Quitting Church

Today I sat in church for the first time in six months. Each day gone by has felt like a lifetime. Six months ago, feeling overwhelmed, I took up a Quitting Practice and church was one of the many things I quit.

My relationship with church has always been complicated. I’ve been around long enough to know the buzz words.

I get it.

It’s important to “get planted” in your church “family” and “live in community”.

For military it a constant new start. Move to a new area. Unpack. Go church “shopping”. Landed at a church and try to make connections. Get to know them. Live in community. But if I’m being honest and not in a whiny way, I was tired to try. Sleepless nights with a new baby, making breakfast, cleaning, packing lunch/snacks/diaper bag, getting everyone ready, rushing out, checking the kids into their area, hoping they don’t cry.

By the time I take my seat for service, I’m not even paying attention.

For a second I thought maybe I’m doing something wrong.
But I’m not.
I’m taking care of my babies.

I love meeting new people. There’s no question I’m extrovert in our relationship but come Sunday when the announcement is made that it’s time to “say hi to the people around you” I couldn’t talk. I couldn’t muster up more than a glazed over “hello” that really meant, “I’ve been up all night with the babies and if you knew me, like really knew me, you’d know that I’m not rude or weird or unfriendly. I’m just tired.”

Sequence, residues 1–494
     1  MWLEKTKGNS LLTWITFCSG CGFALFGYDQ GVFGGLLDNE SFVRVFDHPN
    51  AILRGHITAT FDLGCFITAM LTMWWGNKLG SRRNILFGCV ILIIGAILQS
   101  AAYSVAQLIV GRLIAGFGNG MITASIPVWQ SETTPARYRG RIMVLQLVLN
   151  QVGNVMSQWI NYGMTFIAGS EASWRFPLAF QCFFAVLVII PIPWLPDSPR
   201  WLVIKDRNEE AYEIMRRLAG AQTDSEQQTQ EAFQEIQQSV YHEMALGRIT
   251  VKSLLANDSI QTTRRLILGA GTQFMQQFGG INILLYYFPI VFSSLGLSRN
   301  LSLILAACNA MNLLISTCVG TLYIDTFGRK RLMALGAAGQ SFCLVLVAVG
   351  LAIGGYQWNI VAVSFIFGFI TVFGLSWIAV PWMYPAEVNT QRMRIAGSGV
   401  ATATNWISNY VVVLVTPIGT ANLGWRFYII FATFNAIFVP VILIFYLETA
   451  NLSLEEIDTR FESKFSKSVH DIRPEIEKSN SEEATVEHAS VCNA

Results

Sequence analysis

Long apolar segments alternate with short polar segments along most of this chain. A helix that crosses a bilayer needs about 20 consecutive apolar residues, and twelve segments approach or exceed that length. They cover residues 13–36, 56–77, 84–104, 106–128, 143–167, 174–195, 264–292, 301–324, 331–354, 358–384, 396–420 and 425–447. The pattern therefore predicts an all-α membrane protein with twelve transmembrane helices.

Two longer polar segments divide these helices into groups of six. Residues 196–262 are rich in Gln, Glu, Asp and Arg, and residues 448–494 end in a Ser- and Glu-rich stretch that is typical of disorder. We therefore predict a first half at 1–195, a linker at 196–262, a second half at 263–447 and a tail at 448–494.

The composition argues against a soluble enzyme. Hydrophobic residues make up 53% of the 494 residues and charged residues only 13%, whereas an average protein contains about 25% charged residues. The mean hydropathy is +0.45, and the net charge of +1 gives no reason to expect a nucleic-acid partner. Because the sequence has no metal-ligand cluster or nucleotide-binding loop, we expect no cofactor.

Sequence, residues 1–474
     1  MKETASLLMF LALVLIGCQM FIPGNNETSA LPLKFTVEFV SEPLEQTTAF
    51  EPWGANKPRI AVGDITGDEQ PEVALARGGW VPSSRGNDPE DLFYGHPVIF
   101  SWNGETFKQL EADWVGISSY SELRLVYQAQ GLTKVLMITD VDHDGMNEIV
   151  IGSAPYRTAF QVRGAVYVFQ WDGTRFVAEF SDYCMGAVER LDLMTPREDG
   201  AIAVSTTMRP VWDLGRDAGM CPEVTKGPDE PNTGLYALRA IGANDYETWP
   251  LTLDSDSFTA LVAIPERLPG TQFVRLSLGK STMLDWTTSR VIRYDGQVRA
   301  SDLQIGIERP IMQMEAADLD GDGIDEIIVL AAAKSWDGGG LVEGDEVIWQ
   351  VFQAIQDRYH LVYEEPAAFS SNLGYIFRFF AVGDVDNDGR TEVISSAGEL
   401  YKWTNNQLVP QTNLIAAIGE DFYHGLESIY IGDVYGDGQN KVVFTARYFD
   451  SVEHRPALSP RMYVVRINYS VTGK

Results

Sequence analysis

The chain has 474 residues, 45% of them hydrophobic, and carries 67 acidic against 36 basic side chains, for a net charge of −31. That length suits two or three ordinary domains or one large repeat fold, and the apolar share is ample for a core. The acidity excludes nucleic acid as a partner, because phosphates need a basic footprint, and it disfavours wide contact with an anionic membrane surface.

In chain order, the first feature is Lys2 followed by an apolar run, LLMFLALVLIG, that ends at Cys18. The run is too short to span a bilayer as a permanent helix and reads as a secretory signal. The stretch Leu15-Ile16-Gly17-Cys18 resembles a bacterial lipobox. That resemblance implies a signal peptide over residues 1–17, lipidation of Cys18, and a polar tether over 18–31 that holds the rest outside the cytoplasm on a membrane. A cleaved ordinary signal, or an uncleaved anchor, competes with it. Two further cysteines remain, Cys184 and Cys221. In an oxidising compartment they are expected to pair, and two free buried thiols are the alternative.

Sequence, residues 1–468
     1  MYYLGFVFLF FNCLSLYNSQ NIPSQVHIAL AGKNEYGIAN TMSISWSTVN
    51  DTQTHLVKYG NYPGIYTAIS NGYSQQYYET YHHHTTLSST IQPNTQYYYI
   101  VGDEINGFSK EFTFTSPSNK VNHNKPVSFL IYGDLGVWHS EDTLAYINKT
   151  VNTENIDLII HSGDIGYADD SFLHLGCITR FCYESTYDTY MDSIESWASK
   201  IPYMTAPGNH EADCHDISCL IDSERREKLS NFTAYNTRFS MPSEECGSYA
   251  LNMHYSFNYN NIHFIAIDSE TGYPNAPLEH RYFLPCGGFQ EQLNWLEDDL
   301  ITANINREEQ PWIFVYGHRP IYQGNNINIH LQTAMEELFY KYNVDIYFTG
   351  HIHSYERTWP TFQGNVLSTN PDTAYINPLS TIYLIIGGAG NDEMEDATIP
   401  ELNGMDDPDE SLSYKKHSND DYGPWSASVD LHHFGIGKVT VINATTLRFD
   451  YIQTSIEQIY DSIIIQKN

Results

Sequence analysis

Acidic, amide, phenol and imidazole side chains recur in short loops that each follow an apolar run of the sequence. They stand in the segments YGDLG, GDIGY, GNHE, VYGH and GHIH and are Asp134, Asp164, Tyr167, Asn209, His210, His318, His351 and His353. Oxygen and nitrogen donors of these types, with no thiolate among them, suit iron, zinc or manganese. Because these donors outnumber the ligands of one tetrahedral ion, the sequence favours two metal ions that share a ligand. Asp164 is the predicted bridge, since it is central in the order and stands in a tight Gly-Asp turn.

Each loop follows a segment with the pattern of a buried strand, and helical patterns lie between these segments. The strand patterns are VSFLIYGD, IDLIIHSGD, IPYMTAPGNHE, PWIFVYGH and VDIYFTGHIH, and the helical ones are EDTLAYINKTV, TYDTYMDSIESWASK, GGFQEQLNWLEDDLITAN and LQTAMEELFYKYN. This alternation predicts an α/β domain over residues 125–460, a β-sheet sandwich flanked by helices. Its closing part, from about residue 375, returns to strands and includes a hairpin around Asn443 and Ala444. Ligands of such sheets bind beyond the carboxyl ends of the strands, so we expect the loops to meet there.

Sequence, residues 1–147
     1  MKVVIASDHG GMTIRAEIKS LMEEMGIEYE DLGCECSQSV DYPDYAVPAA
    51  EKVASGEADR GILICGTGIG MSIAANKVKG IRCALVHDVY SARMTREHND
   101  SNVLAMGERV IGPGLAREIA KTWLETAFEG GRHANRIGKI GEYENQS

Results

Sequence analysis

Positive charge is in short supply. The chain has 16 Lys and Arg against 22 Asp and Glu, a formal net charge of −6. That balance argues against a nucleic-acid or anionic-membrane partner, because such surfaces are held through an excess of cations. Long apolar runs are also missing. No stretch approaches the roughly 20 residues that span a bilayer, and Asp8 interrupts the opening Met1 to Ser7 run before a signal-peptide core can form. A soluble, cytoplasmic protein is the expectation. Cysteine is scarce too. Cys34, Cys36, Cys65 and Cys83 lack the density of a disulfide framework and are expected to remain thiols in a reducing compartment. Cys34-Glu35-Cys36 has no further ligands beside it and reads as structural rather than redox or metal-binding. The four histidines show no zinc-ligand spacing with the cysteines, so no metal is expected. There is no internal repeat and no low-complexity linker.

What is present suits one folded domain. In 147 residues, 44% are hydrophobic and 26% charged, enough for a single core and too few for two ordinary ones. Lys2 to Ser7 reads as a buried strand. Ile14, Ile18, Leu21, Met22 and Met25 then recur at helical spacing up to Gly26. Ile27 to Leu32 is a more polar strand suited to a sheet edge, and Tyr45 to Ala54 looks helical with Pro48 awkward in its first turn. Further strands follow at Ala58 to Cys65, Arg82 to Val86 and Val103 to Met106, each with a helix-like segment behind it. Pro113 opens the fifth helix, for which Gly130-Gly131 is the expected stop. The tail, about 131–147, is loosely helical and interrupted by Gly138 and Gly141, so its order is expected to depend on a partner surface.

But they don’t know you because you just moved here. And you’re leaving in a few years, if not sooner.

If I were back home, I’d be attending a church I’ve vetted. A church I’ve attending long enough that I know most everyone. They know me. They would notice if I’m not there. It would be easy and I wouldn’t have to try. That’s what I needed.

When I started my Quitting Practice we were having some very unique parenting challenges. I had to step back. I quit a lot of things that weren’t serving me. And I quit church.

I didn’t quit my faith, but the traditional congregation.

A few months prior to this decision, I was at church talking in a group of women and one mentioned another gal who hadn’t been to church in a while and how it “showed where her priorities are”. Sigh. This is the stuff I hate.

Let me tell you, church attendance doesn’t decide your relationship with God. And church doesn’t have to be four walls and a steeple. Six years ago the beach was my church when I felt most broken. I went every single day. Sometimes twice a day. To listen to the waves crashing. To feel the soft breeze and breath in the salty air. To heal. My church.

Books have been my church. My husband has been my church. My girlfriends have been my church.

Sometimes church is in your heart. A place you go to get grace and love and forgiveness. A place you can feel welcome.

And sometimes, like today, my church is four walls and a steeple.